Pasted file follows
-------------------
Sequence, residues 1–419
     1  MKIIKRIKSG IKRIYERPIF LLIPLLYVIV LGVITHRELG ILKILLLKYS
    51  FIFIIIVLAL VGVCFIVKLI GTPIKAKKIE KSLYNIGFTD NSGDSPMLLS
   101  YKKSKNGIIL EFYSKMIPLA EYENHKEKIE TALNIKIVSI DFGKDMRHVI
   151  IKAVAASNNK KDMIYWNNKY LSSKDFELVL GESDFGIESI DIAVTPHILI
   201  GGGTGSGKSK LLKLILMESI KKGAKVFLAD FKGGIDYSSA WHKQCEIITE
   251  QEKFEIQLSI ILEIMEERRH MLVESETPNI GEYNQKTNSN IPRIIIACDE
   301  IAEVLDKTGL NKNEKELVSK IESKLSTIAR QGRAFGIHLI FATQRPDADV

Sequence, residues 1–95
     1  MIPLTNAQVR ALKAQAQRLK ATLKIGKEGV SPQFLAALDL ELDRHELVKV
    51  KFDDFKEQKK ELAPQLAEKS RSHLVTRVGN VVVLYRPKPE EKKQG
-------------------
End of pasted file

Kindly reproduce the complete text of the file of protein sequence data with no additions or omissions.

Sequence, residues 1–419
     1  MKIIKRIKSG IKRIYERPIF LLIPLLYVIV LGVITHRELG ILKILLLKYS
    51  FIFIIIVLAL VGVCFIVKLI GTPIKAKKIE KSLYNIGFTD NSGDSPMLLS
   101  YKKSKNGIIL EFYSKMIPLA EYENHKEKIE TALNIKIVSI DFGKDMRHVI
   151  IKAVAASNNK KDMIYWNNKY LSSKDFELVL GESDFGIESI DIAVTPHILI
   201  GGGTGSGKSK LLKLILMESI KKGAKVFLAD FKGGIDYSSA WHKQCEIITE
   251  QEKFEIQLSI ILEIMEERRH MLVESETPNI GEYNQKTNSN IPRIIIACDE
   301  IAEVLDKTGL NKNEKELVSK IESKLSTIAR QGRAFGIHLI FATQRPDADV

Sequence, residues 1–95
     1  MIPLTNAQVR ALKAQAQRLK ATLKIGKEGV SPQFLAALDL ELDRHELVKV
    51  KFDDFKEQKK ELAPQLAEKS RSHLVTRVGN VVVLYRPKPE EKKQG